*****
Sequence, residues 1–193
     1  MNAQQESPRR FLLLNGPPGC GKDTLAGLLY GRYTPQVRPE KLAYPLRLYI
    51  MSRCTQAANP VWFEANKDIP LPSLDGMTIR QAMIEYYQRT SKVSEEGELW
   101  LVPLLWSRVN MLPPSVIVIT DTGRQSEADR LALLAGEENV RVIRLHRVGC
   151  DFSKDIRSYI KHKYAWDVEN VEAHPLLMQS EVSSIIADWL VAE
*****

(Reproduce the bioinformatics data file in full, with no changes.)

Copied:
Sequence, residues 1–193
     1  MNAQQESPRR FLLLNGPPGC GKDTLAGLLY GRYTPQVRPE KLAYPLRLYI
    51  MSRCTQAANP VWFEANKDIP LPSLDGMTIR QAMIEYYQRT SKVSEEGELW
   101  LVPLLWSRVN MLPPSVIVIT DTGRQSEADR LALLAGEENV RVIRLHRVGC
   151  DFSKDIRSYI KHKYAWDVEN VEAHPLLMQS EVSSIIADWL VAE